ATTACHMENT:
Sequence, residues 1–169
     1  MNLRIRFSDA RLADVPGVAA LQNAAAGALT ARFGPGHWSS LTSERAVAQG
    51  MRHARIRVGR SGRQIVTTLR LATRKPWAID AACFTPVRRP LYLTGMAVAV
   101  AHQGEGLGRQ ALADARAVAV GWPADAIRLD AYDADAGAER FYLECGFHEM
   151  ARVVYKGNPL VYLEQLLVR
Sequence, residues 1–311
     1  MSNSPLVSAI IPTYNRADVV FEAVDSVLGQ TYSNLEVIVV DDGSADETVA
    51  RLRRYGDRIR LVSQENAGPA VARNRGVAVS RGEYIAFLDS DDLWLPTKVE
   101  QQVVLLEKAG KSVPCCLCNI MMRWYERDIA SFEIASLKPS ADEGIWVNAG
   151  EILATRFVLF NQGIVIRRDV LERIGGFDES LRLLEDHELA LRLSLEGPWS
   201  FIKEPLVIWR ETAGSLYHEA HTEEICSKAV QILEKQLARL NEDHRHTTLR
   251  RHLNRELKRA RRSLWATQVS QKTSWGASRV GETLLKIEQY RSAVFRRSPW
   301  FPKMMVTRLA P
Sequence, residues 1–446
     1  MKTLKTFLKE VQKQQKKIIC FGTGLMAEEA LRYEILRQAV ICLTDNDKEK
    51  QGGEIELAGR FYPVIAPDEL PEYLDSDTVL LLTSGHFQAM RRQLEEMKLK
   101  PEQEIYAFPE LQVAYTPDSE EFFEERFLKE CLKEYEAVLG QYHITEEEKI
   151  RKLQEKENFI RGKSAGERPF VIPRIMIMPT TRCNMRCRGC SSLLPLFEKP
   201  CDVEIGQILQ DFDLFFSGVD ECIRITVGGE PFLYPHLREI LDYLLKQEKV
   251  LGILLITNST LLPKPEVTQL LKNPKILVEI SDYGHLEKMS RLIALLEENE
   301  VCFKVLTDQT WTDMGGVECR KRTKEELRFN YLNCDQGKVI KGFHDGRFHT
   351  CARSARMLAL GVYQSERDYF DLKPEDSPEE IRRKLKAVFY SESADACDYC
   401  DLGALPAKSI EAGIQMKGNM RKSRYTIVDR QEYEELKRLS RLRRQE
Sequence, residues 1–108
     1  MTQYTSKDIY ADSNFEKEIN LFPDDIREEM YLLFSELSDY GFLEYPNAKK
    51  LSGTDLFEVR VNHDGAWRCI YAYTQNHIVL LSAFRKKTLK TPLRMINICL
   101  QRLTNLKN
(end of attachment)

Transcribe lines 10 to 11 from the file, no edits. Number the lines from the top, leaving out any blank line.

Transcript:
   151  EILATRFVLF NQGIVIRRDV LERIGGFDES LRLLEDHELA LRLSLEGPWS
   201  FIKEPLVIWR ETAGSLYHEA HTEEICSKAV QILEKQLARL NEDHRHTTLR